In the mean time, I can still use my rig in AutoKAP mode or with the remote control if the rig is within a 100ft from me.
Also, I already started to take some notes for a new rig design, similar to this one but lighter. For examples,
1. I can replace the two vertical aliminum plates by two custom made electronic circuit boards. The bare circuit board could be the same on both sides but with different components assembled for each. One side will be assembled with the remote control receiver and the control circuit and the other side will be assembled to supply the power to the video transmitter. By merging the electronics, a big part of the wiring and the 2 aluminum plates, I could save probably at least 60g to 100g.
2. I have another remote control circuit that I can use which is lighter and uses a smaller antenna. This would save me another at least another 30g or so.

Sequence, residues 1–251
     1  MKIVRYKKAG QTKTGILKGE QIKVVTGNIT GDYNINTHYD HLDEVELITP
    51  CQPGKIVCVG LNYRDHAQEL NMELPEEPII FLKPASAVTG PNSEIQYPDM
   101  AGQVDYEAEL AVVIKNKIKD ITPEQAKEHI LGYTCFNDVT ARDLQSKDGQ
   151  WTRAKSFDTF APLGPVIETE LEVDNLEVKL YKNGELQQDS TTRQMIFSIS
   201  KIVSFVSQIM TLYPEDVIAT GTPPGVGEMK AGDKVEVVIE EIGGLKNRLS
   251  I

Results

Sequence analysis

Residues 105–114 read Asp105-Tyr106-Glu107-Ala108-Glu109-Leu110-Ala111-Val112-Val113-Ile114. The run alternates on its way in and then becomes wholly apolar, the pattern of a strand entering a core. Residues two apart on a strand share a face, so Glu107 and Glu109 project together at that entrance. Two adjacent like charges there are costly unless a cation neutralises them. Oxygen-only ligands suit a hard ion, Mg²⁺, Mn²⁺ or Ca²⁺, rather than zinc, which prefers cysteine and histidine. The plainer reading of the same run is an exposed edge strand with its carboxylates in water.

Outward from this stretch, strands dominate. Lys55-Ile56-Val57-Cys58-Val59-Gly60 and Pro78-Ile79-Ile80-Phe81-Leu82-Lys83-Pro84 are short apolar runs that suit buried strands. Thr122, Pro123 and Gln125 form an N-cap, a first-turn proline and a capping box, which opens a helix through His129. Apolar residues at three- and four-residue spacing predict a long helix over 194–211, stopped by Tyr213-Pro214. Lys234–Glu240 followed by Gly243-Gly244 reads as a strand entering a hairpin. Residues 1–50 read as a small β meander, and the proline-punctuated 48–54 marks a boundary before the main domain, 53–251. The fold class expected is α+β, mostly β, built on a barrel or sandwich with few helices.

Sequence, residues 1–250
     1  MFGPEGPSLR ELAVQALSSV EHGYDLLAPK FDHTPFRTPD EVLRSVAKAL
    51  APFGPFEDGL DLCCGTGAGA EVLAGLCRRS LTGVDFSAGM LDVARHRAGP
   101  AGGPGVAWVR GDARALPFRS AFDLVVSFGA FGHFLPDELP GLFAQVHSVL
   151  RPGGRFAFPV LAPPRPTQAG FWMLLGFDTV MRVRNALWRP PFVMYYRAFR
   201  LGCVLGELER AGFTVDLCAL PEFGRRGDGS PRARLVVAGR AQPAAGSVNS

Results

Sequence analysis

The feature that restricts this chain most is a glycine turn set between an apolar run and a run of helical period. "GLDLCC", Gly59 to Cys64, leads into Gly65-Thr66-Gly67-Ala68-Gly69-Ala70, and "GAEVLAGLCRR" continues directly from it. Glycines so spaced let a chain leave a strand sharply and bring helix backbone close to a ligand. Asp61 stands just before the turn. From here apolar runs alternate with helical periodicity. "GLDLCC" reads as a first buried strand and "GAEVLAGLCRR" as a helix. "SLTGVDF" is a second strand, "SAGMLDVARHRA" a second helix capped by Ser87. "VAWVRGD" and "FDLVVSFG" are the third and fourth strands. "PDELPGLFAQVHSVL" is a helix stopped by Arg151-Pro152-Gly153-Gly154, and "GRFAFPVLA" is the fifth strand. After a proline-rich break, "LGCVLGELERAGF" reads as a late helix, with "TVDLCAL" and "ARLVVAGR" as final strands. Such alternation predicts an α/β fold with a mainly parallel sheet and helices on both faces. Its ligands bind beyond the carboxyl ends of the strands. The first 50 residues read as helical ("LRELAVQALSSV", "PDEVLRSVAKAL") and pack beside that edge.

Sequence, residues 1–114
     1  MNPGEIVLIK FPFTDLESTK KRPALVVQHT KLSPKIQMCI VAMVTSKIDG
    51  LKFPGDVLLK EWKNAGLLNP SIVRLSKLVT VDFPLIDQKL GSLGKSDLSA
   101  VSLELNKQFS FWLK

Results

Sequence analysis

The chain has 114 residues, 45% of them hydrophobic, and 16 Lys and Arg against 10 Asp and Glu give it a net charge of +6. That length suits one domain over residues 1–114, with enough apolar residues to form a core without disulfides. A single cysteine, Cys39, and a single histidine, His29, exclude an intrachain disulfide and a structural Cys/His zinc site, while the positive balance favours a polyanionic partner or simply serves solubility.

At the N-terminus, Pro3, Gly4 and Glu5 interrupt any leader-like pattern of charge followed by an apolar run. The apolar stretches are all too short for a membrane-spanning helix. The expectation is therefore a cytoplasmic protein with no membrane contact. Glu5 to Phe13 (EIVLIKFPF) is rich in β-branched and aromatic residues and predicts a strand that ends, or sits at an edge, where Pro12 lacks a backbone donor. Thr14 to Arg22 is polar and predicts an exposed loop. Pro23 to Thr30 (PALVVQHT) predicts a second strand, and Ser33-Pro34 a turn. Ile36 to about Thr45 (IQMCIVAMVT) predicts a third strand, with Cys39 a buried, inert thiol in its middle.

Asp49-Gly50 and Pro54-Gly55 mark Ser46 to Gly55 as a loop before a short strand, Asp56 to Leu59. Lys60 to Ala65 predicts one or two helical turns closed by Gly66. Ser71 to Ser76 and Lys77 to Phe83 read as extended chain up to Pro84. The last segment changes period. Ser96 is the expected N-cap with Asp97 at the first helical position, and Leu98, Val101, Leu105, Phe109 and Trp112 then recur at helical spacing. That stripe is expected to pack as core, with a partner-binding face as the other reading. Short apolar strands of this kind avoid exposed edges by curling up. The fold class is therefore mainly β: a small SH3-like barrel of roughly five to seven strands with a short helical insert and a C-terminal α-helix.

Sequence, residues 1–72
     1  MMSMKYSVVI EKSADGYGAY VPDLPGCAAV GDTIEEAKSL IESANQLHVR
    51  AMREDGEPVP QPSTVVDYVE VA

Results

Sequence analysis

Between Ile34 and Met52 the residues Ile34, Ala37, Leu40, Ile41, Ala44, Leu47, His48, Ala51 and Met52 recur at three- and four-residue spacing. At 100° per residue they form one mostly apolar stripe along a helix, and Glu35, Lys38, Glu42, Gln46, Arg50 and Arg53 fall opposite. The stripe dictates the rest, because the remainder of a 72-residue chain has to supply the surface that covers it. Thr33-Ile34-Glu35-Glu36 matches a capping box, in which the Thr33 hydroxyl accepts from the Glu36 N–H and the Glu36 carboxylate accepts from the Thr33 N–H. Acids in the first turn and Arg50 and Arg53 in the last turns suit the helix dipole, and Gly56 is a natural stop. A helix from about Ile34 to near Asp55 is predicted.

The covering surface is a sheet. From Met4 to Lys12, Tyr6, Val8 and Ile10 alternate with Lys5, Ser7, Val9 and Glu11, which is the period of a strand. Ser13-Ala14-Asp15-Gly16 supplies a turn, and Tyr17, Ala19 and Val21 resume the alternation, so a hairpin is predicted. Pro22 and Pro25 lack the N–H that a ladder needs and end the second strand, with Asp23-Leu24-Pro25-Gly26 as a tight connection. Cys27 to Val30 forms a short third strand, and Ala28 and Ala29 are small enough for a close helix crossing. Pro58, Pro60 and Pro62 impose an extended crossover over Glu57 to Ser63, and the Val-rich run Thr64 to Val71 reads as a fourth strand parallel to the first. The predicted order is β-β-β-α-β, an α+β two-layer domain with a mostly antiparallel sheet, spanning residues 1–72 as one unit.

3. I'm plannig to replace the 4 AA NiMH batteries with an equivalent LiPO battery which will save me another 30 to 60g. Actually, I can easily do this on the current rig.
I updated the firmware in the microcontroller and I was able to control the rig up to at least 200 feet and this is having my rig inside my office and I was outside in our business neighbor's parking lot. I'll try it on a kite line this weekend if the weather permits.
There are more changes I want to do in the firmware that will take a little longer to implement but it looks promising.
Also, this morning, I sent an email to Linx Technologies tech support with a few questions to see if there are other things I'm missing causing the remote control range to be limited. They are claiming up to 3000ft range so obviously there's something that can be done. I just have to find what. :-)
Here are a few more photos with my T4i camera. I haven't had a chance to actually fly with this camera yet. I'm hoping to try it soon.
The rig alone weighs 698g.
The whole rig with the Canon A590IS camera weighs 929g.
The whole rig with the T4i camera weighs 1406g.